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Tuesday, May 28, 2024

Norway falls in climate rankings

Norway is not doing its share in the global effort to meet climate goals by cutting carbon emissions, according to international groups of independent climate researchers. The groups gave Norway a lower score this year as their Climate Action Tracker (CAT) ranked how various countries are trying to limit global warming.

Ny Ålesund Symposium 2014
Melting ice in the Arctic is one of the most visible signs of climate change. International researchers don’t think Norway is doing enough to stop it. PHOTO: Klima- og Miljødepartementet

Norwegian Broadcasting (NRK) reported Wednesday that Norway’s CAT score for 2015 was lowered to “medium” from the “sufficient” score it had held for the past few years. Norway is now also far down the scale from CAT’s top score of “role model” held by Bhutan and the Maldives. Only Costa Rica and Papua New Guinea now hold the “sufficient” score, while Norway has dropped down to the “medium” score also held by countries including Brazil, Chile, China, India, the US, Mexico and the EU among others.

Norway has contended it is doing its fair share of keeping global warming below 2 degrees compared to pre-industrial levels, but CAT believes the claim is based on a “misunderstanding of the global cost-effective emissions pathways.”

Emissions have risen, not fallen
CAT noted that the Norwegian government has announced an intention to reduce emissions by 40 percent below 1990 industrial levels by 2030, in line with the EU. It also noted, however, that emissions from Norway, which has a large oil and gas industry, have increased since 1990 and emissions from offshore oil and gas activities alone have doubled between 1990 and 2010. That increase came despite Norway’s carbon tax on petroleum activities, which CAT characterized as the country’s “most important instrument to tackle emissions.”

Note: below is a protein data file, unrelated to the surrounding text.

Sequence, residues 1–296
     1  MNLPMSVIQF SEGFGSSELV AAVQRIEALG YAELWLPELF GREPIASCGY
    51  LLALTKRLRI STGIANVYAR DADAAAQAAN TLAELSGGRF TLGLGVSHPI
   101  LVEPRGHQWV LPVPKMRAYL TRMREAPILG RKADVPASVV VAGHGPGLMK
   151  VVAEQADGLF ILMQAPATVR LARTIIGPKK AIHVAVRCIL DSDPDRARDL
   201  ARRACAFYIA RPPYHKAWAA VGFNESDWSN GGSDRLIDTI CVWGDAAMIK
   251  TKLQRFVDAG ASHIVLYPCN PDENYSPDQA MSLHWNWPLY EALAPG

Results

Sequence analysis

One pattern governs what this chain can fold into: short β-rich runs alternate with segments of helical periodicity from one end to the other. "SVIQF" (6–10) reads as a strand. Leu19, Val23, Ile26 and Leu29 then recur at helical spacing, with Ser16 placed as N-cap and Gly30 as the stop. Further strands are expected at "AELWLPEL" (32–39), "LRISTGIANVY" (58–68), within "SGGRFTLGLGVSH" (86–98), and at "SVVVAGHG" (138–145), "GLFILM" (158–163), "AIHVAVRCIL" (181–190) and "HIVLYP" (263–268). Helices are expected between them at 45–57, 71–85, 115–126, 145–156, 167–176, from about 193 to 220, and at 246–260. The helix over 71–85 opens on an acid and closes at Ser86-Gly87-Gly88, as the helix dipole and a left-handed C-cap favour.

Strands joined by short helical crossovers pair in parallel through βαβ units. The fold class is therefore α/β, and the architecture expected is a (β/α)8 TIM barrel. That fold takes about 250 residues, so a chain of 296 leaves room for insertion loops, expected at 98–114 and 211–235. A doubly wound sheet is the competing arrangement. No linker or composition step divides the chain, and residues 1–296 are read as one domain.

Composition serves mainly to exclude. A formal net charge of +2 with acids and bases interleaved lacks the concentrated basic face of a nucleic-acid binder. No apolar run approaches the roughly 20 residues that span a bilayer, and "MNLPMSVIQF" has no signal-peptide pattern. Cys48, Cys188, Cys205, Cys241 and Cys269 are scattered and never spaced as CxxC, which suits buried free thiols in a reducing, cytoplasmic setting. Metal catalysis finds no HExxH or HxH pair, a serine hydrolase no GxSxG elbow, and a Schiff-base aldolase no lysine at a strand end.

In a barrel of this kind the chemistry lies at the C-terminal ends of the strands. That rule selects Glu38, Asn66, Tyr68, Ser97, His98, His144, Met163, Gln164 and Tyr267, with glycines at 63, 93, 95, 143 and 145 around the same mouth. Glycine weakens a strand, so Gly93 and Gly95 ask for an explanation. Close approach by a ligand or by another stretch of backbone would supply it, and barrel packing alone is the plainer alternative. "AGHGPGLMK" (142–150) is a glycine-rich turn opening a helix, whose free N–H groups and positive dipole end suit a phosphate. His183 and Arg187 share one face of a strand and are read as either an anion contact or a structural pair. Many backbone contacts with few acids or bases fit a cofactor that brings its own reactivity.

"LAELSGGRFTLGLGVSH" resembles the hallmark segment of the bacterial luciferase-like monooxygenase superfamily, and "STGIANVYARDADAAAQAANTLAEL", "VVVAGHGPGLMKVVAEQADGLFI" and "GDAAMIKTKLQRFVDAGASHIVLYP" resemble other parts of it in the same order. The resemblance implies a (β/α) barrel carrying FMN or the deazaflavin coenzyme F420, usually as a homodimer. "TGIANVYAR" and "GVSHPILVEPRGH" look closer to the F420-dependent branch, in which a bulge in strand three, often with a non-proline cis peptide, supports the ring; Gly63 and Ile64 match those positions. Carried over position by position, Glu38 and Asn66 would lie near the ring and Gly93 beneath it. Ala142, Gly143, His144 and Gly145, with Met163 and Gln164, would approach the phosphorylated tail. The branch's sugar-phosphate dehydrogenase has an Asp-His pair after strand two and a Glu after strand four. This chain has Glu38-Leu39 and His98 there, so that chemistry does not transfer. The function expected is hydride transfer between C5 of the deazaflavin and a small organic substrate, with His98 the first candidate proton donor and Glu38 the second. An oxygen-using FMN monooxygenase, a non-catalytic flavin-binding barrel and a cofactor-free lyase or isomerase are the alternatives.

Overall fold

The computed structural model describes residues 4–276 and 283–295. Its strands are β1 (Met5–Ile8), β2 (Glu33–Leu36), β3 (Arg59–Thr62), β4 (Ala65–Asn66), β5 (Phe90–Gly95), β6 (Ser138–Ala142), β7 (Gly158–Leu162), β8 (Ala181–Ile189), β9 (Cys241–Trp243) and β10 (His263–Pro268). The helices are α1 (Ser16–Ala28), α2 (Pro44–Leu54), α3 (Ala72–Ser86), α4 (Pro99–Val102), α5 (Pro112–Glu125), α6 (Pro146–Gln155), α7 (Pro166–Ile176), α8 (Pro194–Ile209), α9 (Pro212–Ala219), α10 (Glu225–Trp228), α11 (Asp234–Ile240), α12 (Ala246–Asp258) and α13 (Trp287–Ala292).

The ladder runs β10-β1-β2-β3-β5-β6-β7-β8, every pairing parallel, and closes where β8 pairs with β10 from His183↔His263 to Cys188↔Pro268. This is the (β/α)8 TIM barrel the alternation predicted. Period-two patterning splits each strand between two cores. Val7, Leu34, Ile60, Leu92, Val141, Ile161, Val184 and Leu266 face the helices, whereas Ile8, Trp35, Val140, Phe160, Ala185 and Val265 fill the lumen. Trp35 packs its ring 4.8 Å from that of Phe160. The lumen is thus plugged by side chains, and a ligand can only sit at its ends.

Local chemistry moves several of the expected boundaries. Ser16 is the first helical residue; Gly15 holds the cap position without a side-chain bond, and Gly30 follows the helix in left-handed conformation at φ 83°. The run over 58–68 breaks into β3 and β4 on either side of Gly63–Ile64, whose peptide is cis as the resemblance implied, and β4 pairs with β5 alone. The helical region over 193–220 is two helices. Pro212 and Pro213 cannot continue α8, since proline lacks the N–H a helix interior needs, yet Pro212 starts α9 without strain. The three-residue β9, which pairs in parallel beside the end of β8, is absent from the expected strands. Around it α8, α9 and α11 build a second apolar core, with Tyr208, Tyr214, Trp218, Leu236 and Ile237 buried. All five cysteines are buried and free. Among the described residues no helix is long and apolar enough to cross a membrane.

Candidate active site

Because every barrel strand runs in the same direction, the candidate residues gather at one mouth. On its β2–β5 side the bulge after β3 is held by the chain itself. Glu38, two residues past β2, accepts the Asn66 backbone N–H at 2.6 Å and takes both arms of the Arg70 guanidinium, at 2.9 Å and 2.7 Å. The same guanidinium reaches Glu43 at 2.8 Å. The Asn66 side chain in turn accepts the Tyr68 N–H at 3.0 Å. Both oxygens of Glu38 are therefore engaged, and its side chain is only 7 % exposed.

The researchers behind CAT therefore do not think Norway will be able to reach its 2020 and 2030 targets even though the country has put in place many policies and measures to contain carbon emissions and promote the use of renewable energy. Norway’s electricity sector is almost carbon neutral, thanks to its waterfalls and hydroelectric facilities, while its “oil-related activities” and transportation sector are the biggest sources of emissions, according to CAT.

For details of CAT’s reasoning behind the assessment, click here (external link).

“This shows that most industrial countries (including Norway) have not set ambitious-enough goals to avoid the worst results of emissions,” Lars Haltbrekken, leader of Norway’s chapter of Friends of the Earth (Naturvernforbund), told NRK. “The longer we wait (to make significant emissions cuts at home), the tougher the measures will have to be.”

Tine Sundtoft, Norway's government minister in charge of climate and environmental issues, at a "Green Agenda" meeting last fall. PHOTO: Klima- og miljødepartementet
Tine Sundtoft, Norway’s government minister in charge of climate and environmental issues, is being accused of having a climate agenda that’s not sufficiently ambitious. She retorted that it was “unreasonable” for international climate researchers to lower Norway’s climate score. PHOTO: Klima- og miljødepartementet

Norway’s environmental minister Tine Sundtoft of the Conservative Party rejected the criticism and continued to claim that Norway’s goals for emissions cuts are in line with the scenario from the UN’s climate panel. She thinks it was “unreasonable” that Norway scored lower this year, and still has high hopes that the next UN climate summit in Paris will result in a new international agreement.

Meanwhile, the government in which Sundtoft sits continues to open new areas of the Arctic to oil and gas exploration. Low oil prices have raised the hopes of environmentalists that the oil companies themselves will pare back activities because they may not be profitable. Berglund



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